1301.6 - Tasmanian Year Book, 1996  
ARCHIVED ISSUE Released at 11:30 AM (CANBERRA TIME) 13/09/2002   
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Feature Article - Early Tasmanian settlements


The original explorers of Tasmania (including the French) had largely concentrated their attention on the south-east and, in particular, on the sea approaches to the Derwent. Faced with the necessity for establishing a settlement to assert British sovereignty, Governor King had a number of possible sites to consider, including King Island, Port Phillip and Port Dalrymple (the Tamar Estuary). His eventual choice was the area of the Derwent and he reported his intention to the Admiralty as follows:

‘My reasons for making this settlement are the necessity there appears of preventing the French gaining a footing on the east side of these islands; to divide the convicts; to secure another place for obtaining timber with any other natural productions that may be discovered and found useful; the advantages that may be expected by raising grain; and to promote the seal fishery.’

Commissioned to make the Derwent settlement, Lieutenant John Bowen sailed from Sydney with the Albion and Lady Nelson; both were at anchor at Risdon by 11 September 1803 when Bowen went ashore. The slenderness of Governor King’s resources is apparent from the fact that the settlers-free, convict and military-numbered only 49, and that the Albion was a British whaler under temporary charter.

The responsibility for the choice of the Risdon site attaches ultimately to Bass who had made detailed investigations of the Derwent in 1798 from the Norfolk. He had reported as follows:

‘The land at the head of Risdon Creek, on the east side, seems preferable to any other on the banks of the Derwent’.

It was not surprising, therefore, that Bowen’s commission from Governor King directed him to locate the new settlement in the Risdon area. In actual fact, the site proved unsuitable due to the inadequate stream and the poor landing place; these handicaps were aggravated by the wretchedness of the people at Bowen’s disposal.

On 9 August 1804, the Ocean sailed for Port Jackson with Lieutenant Bowen and most of his people; Lieutenant-Governor Collins at the new settlement at Hobart had decided to close down the Risdon camp and  retain only thirteen convicts and one free settler.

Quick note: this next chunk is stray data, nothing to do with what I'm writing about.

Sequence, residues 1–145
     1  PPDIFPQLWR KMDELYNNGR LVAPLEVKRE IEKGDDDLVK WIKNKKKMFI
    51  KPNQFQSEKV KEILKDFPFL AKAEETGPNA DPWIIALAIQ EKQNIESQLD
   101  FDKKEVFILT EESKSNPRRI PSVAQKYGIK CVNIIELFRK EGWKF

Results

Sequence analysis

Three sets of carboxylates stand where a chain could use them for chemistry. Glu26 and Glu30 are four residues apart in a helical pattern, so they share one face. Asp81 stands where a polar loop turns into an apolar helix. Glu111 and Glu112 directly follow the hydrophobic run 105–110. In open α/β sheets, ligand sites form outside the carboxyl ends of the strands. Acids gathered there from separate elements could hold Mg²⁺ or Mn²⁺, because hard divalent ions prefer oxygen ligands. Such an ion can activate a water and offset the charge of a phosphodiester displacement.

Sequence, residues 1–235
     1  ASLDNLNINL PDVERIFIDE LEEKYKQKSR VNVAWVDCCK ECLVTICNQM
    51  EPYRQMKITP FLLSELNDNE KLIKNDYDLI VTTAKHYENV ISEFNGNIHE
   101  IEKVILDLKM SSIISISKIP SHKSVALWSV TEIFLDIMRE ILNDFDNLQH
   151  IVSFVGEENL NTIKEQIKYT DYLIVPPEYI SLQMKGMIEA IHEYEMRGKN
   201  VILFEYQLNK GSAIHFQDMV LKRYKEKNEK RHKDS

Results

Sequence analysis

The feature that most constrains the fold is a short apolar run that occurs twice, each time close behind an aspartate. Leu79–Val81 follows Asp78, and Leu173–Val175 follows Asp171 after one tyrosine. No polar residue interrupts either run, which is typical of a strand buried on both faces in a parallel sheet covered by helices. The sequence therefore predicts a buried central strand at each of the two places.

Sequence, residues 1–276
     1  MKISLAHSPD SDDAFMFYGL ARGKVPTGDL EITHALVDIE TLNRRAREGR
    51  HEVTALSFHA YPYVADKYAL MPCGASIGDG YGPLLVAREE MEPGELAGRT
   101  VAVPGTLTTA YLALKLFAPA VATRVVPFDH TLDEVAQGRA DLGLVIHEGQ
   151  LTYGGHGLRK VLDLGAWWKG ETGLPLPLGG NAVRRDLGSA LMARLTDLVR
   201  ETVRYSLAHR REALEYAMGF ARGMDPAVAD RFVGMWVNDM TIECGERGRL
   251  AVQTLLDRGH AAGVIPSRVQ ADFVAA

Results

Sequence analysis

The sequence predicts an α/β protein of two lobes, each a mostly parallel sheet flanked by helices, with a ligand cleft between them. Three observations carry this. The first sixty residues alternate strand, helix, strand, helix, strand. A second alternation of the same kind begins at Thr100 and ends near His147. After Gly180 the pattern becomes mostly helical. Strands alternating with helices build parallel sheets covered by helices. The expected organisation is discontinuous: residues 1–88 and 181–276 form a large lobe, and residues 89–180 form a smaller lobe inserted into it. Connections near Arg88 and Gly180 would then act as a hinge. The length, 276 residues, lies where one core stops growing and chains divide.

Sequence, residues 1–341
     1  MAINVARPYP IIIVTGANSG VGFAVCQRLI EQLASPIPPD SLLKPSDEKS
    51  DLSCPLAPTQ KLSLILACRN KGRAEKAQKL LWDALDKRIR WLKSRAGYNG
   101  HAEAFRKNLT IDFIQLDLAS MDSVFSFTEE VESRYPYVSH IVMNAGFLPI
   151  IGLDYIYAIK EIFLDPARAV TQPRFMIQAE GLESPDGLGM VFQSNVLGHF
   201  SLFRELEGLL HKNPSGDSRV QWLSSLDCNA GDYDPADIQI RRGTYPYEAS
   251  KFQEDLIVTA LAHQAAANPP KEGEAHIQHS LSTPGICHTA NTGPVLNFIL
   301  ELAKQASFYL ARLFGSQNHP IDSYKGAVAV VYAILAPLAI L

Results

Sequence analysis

Lieutenant-Colonel David Collins was ordered to establish a settlement on Port Phillip Bay to secure the strategic Bass Strait for the British. However, he was unhappy with that locality and decided to transfer the settlement to the Derwent River because of its reputation as a safe harbour and the fact that Risdon had already been settled.

On 15 February 1804, Collins, with the first detachment from Port Phillip in the Ocean and Lady Nelson, anchored off the new settlement at Risdon. A quick inspection satisfied him that the site was quite unsuitable and he made his own reconnaissance, eventually selecting the area on the western bank known as Sullivans Cove and ordering that the expedition should be disembarked with all its stores in the vicinity of Hunters Island. Collins had selected gentle slopes for his settlement, located a fine stream running from Mt Wellington and found, near the mouth of the stream, an anchorage which would accept the draught of any vessel of his day (or of the modern era).

The strength of the colony was increased to 433 people in June 1804 when the Ocean returned from Port Phillip, where it had taken aboard the balance of the original expedition. From the camp on Sullivans Cove, the city of Hobart has grown.



Military establishment
. .
Civil establishment
. .
. .
. .
. .

. . not applicable
(a) Excludes details of the Risdon camp.
(b) Including one Aboriginal person from Port Jackson.


While David Collins was still in Port Phillip Bay, wondering where to settle, he sent his namesake, William Collins, on a voyage of exploration to the Tamar estuary. By the time William Collins returned with good reports of the Tamar for settlement, David Collins was preparing for the expedition to the Derwent.

A short while later, Governor King received a despatch from Lord Hobart (Secretary of State for the Colonies) which recommended the establishment at Port Dalrymple. Lieutenant-Colonel William Paterson was nominated as Lieutenant-Governor of the new colony. After a first attempt was forced back by adverse winds, the party of 181 soldiers and convicts in four ships arrived at Outer Cove (George Town) on 4 November 1804.

Although he penetrated as far as the fertile site of Launceston, Paterson made the decision to set up his headquarters at the head of West Arm and founded York Town, while still maintaining small establishments at Outer Cove, Low Head and Green Island. In deciding on York Town, one can only imagine that Paterson was guided purely by the strategic necessity, as was Collins at Sorrento, of being near Bass Strait, and that he gave little thought to the problem of soil fertility and cultivation.

In March 1806, Paterson was willing to admit that York Town was a most unsuitable site and, accordingly, he moved his headquarters to the present site of Launceston.

Paterson, before setting out on his expedition, had been involved in an argument as to his status, but Governor King had resolved the matter by dividing Tasmania at the 42° parallel and making Collins and Paterson sovereign in their respective halves, but subordinate to him as Governor.